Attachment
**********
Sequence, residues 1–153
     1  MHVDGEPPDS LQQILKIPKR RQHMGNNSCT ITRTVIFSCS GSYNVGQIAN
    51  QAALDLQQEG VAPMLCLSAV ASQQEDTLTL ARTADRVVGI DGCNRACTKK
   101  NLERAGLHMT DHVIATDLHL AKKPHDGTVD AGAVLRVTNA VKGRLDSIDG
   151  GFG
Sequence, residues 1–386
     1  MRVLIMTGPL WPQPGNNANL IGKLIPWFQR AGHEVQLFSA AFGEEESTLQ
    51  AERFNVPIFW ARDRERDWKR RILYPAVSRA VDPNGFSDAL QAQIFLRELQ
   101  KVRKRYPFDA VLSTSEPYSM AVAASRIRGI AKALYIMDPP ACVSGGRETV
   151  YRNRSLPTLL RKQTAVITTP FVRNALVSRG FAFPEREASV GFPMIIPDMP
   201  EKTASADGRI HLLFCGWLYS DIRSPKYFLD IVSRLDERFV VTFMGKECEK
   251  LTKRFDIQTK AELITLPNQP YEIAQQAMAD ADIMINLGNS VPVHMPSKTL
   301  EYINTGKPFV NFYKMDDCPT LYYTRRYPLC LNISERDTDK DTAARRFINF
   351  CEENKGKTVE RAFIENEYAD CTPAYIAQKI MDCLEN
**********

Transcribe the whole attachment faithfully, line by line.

Sequence, residues 1–153
     1  MHVDGEPPDS LQQILKIPKR RQHMGNNSCT ITRTVIFSCS GSYNVGQIAN
    51  QAALDLQQEG VAPMLCLSAV ASQQEDTLTL ARTADRVVGI DGCNRACTKK
   101  NLERAGLHMT DHVIATDLHL AKKPHDGTVD AGAVLRVTNA VKGRLDSIDG
   151  GFG
Sequence, residues 1–386
     1  MRVLIMTGPL WPQPGNNANL IGKLIPWFQR AGHEVQLFSA AFGEEESTLQ
    51  AERFNVPIFW ARDRERDWKR RILYPAVSRA VDPNGFSDAL QAQIFLRELQ
   101  KVRKRYPFDA VLSTSEPYSM AVAASRIRGI AKALYIMDPP ACVSGGRETV
   151  YRNRSLPTLL RKQTAVITTP FVRNALVSRG FAFPEREASV GFPMIIPDMP
   201  EKTASADGRI HLLFCGWLYS DIRSPKYFLD IVSRLDERFV VTFMGKECEK
   251  LTKRFDIQTK AELITLPNQP YEIAQQAMAD ADIMINLGNS VPVHMPSKTL
   301  EYINTGKPFV NFYKMDDCPT LYYTRRYPLC LNISERDTDK DTAARRFINF
   351  CEENKGKTVE RAFIENEYAD CTPAYIAQKI MDCLEN